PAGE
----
What’s the Difference Between Congress and Figure Skating?

Changing the names to protect the guilty might make it difficult to determine whether the subject was figure skating or U.S. government. Both are run by elected politicians alleged to be human beings too although no DNA evidence is available.

Congressfolk are sworn to uphold the Constitution and do their best for the country; in fact, they ignore the Constitution and do their best for themselves and their party. U.S. Figure Skating top managers are elected on promises to do their best for the sport; in fact, they do their best for themselves. Of course, the same is true of most everyone, though varying degrees of hypocrisy cover it.

Congress speaks fondly of small business, our most active and largest job machine but it also subjects small business to endless regulation and restriction that interfere with its already limited ability to compete with the really big guys who donate so much to the pols. Bit of hypocrisy there, huh?

Figure skating is supposed to be a sport open to all and the managers have a duty to expand it but they get no free trips abroad for that, whereas they do for sending American figure skaters to foreign competitions whether they do well or not. Paying for that travel, housing etc. is expensive; it leaves little for developing the sport at home. And there’s no TV money anymore; skaters’s dues are a very inadequate replacement.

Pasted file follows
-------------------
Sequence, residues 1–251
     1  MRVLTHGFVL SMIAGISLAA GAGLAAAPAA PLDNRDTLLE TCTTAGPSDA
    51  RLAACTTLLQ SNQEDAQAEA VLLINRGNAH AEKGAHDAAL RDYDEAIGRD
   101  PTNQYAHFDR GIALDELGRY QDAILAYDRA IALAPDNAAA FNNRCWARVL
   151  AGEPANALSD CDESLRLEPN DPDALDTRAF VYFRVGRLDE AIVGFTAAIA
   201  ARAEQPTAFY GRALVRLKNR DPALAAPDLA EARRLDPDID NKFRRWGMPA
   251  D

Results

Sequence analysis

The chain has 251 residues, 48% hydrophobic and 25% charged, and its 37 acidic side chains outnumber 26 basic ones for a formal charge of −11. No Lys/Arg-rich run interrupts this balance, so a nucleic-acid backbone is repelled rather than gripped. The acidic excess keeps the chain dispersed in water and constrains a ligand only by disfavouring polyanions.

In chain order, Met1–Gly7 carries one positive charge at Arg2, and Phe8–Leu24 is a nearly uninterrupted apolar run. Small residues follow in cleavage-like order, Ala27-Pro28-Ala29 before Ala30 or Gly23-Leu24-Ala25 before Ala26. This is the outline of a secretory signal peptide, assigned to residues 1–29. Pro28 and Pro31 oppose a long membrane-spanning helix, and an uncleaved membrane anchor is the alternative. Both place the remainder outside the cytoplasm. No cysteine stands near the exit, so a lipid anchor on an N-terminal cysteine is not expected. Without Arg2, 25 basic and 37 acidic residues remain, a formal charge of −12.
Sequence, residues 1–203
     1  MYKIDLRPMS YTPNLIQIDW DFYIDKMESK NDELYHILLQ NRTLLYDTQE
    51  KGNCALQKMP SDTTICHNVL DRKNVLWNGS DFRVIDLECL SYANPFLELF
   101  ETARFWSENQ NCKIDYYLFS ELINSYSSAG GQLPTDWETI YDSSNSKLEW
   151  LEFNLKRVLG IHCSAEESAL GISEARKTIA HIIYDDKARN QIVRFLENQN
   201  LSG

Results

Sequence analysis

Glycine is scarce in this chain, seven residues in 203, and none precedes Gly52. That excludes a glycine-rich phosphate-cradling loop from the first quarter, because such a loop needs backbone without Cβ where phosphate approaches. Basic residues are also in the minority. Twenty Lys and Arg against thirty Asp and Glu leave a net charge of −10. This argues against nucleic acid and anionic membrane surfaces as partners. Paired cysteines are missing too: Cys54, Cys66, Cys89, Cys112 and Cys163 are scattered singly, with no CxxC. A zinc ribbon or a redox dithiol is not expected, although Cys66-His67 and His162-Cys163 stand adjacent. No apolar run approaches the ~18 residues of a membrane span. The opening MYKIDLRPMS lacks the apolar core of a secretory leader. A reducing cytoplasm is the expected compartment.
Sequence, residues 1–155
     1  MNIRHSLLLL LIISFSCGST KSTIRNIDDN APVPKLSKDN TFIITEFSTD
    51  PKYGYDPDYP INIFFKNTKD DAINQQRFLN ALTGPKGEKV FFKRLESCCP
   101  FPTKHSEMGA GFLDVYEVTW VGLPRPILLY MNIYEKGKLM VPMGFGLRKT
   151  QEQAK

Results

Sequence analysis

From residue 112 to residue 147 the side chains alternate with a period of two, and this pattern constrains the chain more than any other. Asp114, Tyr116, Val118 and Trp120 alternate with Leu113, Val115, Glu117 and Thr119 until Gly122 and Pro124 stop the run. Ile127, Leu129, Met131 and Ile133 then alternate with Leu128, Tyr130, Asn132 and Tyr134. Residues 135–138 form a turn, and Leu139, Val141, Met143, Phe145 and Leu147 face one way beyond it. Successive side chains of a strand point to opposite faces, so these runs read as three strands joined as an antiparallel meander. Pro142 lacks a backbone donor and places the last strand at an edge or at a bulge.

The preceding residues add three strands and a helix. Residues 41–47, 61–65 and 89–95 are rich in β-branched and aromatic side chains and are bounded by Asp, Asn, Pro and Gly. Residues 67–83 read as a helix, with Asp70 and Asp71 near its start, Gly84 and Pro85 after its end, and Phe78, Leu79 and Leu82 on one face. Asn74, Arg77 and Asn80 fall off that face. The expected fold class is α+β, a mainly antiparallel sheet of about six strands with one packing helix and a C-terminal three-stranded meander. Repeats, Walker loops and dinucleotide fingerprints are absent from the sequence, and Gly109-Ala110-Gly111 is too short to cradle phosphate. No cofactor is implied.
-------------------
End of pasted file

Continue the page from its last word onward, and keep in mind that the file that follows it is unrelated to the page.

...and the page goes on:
Skating is hard; 90% of beginners disappear before reaching the Novice level. Of the more than 100,000 members of U.S. Figure Skating (including many who don’t skate) I estimate maybe a couple dozen can perform the triple jumps needed to compete internationally. They get lots of attention from the officials who need them for their international teams. That’s .0002 of the membership. Skaters aren’t allowed to compete unless they pass a series of screening tests and they must pass more such to compete at higher levels. The difficulty of tests was recently increased; U.S. Figure Skating basically tries to get rid of as many skaters as it can, as quickly as possible to find a very small number of triple jumpers.

Rink owners have the opposite problem; they have to get as many paying skaters onto the ice at a time as they can to cover their high energy and liability costs and heavy investment. U.S. Figure Skating cares only about quality; the rinks can stay in business only with quantity; the skating officials don’t care and can’t understand why the rink owners prefer hockey. That of course, limits the growth of figure skating.

Federal, state and local government prefer to keep unions happy over provision of a decent education via the public schools along similar lines. And that’s a single example of many.

U.S. Figure Skating could expand the population of skaters just as Congress could sit down and take control of its spending. But both are so heavily invested in the status quo that they’re unwilling to move in those directions. There’s no premium for doing so. As Louis XIV so cogently put it: “Apres moi, le deluge!”

More skaters in the rinks would keep those rinks going and lower the cost per skater. Lowering the governmental burden on the economy would contribute to wealth creation but neither the government of the sport nor the government of the country are interested. You can decide who is left holding the bag in each case… and what, if any, is the difference between Congress and U.S. Figure Skating government.

About Jack Curtis

Suspicious of government, doubtful of economics, fond of figure skating (but the off-ice part, not so much)
This entry was posted in Congress, Figure Skating, Fiscal/Financial Responsibility and tagged , , . Bookmark the permalink.

1 Response to What’s the Difference Between Congress and Figure Skating?

  1. Argus says:

    Good grief! You sound more like me than I do~!

    A kindred soul, perhaps — methinks I’ll explore your blog a bit more …

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